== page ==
Appellant complains of the giving of Instruction No. 6 which, after directing the jury to retire and decide upon the guilt or innocence of the defendant, and if found guilty to assess the punishment, further stated that if after due deliberation the jury were able to agree upon the guilt of the defendant but were unable to agree upon the punishment they might return a verdict so showing, "and, in that event, the Court may assess the punishment." Appellant claims that the giving of Instruction No. 6 violated his right to a trial by an impartial jury to which he is entitled under Art. I, § 18(a), Constitution of Missouri, 1945, V.A.M.S., and the Sixth Amendment to the Constitution of the United States, § 546.410, RSMo 1969, V. A.M.S., and deprives him of the equal protection of the laws provision of the Fourteenth Amendment of the Constitution of the United States. The argument is that Instruction No. 6 encouraged the jurors to avoid the burden of deciding the question of punishment; that the jurors seized the opportunity to avoid that burden and, acceding to those more experienced in the administration of criminal justice, left the assessment of punishment to the court, to the prejudice of appellant. This argument has been made and rejected on several occasions and this instruction has been approved repeatedly, beginning with State v. Brown, Mo.Sup. en Banc, 443 S.W.2d 805. State v. Gates, Mo.Sup., 471 S.W.2d 272; State v. Mills, Mo.Sup., 465 S.W.2d 554; State v. Thompson, Mo.Sup., 465 S.W.2d 590; State v. Ransburg, Mo.Sup., 466 S.W.2d 691; State v. Lincoln, Mo.Sup., 482 S.W.2d 424 (decided July 17, 1972). There is no merit in the contention that appellant was deprived of his constitutional right to a jury trial of the issue of punishment. "We have uniformly held that the right of trial by jury as guaranteed by the constitution is the same as the right that existed at common law and that at common law the jury determined the guilt or innocence of the accused and the court fixed the punishment. State v. Hamey, 168 Mo. 167, 67 S.W. 620, 57 L.R.A. 846; State v. Perrigin, 258 Mo. 233, 167 S.W. 573; State v. Johnson, Mo.Sup., 234 S.W. 794. See also 31 Am.Jur., Jury, Section 35, p. 40." State v. Morton, Mo.Sup., 338 S.W.2d 858, 861 [3]. In that case the Court upheld the constitutionality of the Second Offender Act, as amended, as against the contention that in permitting the trial judge (instead of the jury) to fix the punishment, upon a finding of prior conviction, the statute denied appellant due process of law and denied him the right to a trial by jury. The Court quoted with approval from State v. Hamey, supra, as follows: "[T]he laws of Missouri have always recognized *239 that it is constitutional to authorize either court or jury to assess the punishment in a felony case. * * * As the right and duty devolved upon the court at common law to assess the punishment, it is plain this statute does not violate the common-law jury trial, in leaving the punishment to the court." The same considerations apply to the giving of Instruction No. 6.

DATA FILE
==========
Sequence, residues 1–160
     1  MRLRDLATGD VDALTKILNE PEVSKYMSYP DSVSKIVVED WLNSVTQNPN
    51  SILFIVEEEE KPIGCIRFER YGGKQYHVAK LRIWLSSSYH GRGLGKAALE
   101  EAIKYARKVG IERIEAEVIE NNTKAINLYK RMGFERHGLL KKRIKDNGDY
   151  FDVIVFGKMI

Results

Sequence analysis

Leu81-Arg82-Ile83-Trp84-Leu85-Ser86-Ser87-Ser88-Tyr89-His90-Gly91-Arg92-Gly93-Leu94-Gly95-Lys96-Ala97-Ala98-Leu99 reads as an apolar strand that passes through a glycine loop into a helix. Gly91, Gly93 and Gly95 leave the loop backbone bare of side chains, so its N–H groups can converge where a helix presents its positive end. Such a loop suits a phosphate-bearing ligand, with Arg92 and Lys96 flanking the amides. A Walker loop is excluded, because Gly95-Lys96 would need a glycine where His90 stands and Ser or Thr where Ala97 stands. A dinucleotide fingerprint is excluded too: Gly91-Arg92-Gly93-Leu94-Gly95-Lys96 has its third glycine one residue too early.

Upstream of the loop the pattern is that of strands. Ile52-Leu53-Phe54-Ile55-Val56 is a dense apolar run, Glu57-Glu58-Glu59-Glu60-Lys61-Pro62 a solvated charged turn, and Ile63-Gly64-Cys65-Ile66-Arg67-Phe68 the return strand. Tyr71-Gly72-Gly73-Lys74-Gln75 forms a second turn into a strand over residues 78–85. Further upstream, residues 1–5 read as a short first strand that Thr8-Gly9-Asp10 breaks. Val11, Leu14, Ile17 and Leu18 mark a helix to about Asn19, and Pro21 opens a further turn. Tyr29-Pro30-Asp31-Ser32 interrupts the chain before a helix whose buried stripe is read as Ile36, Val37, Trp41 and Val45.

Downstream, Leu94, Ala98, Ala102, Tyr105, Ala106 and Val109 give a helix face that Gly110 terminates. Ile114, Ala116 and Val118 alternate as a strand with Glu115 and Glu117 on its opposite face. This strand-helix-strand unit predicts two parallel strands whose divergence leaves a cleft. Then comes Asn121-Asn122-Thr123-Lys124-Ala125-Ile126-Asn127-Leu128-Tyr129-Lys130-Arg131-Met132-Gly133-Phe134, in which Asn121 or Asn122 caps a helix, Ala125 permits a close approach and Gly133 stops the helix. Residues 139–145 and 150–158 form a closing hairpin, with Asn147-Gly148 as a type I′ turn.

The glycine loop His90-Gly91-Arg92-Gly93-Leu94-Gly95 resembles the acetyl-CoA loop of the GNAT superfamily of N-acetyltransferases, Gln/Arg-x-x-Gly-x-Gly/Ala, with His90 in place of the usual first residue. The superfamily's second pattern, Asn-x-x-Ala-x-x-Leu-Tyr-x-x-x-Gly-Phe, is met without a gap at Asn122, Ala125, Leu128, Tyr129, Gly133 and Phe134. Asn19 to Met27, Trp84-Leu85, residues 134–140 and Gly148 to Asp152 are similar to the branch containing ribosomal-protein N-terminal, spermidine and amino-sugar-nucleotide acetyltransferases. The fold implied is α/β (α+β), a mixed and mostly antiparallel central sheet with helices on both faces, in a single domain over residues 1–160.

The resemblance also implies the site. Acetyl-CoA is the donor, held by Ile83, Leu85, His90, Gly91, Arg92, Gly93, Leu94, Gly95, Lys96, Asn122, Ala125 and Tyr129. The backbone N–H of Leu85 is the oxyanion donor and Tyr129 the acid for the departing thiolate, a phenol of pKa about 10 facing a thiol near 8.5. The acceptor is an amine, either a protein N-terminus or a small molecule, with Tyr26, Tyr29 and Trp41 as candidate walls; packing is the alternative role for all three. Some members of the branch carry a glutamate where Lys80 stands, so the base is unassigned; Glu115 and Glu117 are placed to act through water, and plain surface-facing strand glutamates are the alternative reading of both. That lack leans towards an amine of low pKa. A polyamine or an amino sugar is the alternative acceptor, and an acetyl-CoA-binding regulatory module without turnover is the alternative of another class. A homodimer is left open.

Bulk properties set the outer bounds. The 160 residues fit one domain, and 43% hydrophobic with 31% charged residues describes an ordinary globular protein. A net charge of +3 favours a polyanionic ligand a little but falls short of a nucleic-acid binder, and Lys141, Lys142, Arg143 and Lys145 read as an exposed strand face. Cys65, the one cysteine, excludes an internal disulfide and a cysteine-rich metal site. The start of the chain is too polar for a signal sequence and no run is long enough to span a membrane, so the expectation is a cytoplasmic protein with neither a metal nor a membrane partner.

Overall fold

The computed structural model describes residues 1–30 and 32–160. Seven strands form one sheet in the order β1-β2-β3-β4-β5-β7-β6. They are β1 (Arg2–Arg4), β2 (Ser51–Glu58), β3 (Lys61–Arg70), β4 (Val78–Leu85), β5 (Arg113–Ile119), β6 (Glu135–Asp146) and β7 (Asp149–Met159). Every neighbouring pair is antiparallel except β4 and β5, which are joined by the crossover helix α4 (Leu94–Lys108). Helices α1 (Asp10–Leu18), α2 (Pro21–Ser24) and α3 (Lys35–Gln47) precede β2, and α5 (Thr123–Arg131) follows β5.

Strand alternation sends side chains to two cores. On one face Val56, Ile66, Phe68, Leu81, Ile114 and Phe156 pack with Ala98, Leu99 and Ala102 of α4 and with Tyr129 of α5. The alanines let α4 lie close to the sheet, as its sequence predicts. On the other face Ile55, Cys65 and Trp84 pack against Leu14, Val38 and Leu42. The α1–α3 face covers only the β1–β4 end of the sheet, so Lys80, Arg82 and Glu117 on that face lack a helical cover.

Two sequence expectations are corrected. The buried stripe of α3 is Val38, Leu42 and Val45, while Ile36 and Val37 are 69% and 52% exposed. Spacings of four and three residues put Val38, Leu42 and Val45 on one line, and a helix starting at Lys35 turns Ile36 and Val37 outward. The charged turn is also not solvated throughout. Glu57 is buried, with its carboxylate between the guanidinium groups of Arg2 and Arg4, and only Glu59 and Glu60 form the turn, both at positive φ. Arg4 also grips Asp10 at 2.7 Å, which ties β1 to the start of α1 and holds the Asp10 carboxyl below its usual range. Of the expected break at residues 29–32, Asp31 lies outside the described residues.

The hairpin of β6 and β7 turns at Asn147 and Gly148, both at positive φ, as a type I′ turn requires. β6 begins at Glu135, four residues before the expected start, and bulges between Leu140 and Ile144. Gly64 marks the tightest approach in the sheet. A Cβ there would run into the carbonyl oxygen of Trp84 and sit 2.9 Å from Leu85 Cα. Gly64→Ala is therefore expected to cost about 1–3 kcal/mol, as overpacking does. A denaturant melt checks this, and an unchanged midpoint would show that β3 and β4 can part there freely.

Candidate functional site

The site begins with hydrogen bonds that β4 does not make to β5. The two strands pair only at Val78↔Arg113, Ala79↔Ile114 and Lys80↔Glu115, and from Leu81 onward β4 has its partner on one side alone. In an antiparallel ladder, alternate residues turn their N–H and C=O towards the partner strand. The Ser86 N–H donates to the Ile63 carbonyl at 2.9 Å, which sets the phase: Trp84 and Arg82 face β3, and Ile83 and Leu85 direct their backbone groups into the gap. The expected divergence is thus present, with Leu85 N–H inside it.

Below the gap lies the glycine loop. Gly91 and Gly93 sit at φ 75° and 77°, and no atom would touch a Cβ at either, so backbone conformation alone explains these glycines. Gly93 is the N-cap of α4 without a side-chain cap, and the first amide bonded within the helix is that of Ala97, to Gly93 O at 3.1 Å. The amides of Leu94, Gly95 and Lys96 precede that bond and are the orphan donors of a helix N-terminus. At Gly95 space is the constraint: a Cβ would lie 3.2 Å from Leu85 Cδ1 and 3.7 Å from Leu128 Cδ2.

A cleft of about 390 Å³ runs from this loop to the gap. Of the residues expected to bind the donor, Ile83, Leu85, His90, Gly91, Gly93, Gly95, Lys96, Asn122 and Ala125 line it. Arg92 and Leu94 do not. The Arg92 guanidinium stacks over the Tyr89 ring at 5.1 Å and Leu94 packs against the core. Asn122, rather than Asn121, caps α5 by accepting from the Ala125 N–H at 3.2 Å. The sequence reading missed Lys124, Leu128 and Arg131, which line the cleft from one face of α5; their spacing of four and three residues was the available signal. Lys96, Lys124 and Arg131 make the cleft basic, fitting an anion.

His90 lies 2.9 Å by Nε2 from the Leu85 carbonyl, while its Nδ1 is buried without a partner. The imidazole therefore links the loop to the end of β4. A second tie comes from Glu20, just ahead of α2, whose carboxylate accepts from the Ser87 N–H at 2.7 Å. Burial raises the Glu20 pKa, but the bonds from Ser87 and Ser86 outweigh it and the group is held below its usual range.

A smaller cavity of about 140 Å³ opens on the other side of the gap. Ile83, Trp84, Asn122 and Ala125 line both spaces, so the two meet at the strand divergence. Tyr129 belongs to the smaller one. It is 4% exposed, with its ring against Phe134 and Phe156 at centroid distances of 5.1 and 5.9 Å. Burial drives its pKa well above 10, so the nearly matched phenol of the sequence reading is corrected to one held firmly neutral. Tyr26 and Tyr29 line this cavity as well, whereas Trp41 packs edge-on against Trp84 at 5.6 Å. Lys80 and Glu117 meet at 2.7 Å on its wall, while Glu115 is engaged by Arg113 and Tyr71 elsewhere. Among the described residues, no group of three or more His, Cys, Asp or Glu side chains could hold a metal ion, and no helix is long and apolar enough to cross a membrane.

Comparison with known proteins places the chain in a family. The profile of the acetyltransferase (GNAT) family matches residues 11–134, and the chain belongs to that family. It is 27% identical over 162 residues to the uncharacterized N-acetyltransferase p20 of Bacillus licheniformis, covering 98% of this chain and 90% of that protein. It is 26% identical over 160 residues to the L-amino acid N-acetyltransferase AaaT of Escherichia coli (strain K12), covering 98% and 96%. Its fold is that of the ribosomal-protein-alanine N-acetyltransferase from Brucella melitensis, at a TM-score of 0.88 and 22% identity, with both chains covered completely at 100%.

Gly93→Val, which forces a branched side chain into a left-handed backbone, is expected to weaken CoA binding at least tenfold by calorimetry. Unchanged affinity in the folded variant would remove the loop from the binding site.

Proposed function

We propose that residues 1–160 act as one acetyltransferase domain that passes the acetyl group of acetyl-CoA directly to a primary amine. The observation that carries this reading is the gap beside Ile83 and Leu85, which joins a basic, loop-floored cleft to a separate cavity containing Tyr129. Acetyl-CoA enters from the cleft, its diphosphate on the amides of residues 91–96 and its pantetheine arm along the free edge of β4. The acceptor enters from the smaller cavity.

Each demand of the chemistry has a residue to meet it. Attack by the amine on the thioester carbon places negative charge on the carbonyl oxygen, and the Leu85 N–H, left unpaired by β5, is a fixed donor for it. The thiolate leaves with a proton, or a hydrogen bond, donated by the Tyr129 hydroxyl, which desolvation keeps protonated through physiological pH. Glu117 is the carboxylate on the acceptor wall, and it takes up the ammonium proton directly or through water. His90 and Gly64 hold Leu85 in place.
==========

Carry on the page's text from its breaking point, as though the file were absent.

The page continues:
The problem and its proper solution is well stated in Payne v. Nash, 8 Cir., 327 F.2d 197, 200 (1964):

"What substantial disadvantage could have inured to appellant from the procedural change of which he complains? None can be perceived. Appellant's right to trial by jury under the Missouri Constitution * * * is the same as the right that existed at common law. At common law the jury assessed the guilt or innocence of the accused; the court fixed the punishment. * * * Though it is permissible for juries to assess punishment in Missouri * * * such was only a conditional privilege. It has long been the law of that State that no one could gain reversal of a judgment simply because a jury did not assess the punishment. * * * Under the federal law the court, and not the jury fixes the punishment. * * * Thus, there is nothing in the Due Process clause of the Fourteenth Amendment of the United States Constitution, nor in the Constitution and laws of the State of Missouri, which gave appellant the right to have his punishment assessed by the jury."

Judgment affirmed.

STOCKARD, C., concurs.


The foregoing opinion by HOUSER, C., is adopted as the opinion of the Court.

All of the Judges concur.


[1] Notice of appeal filed before January 1, 1972.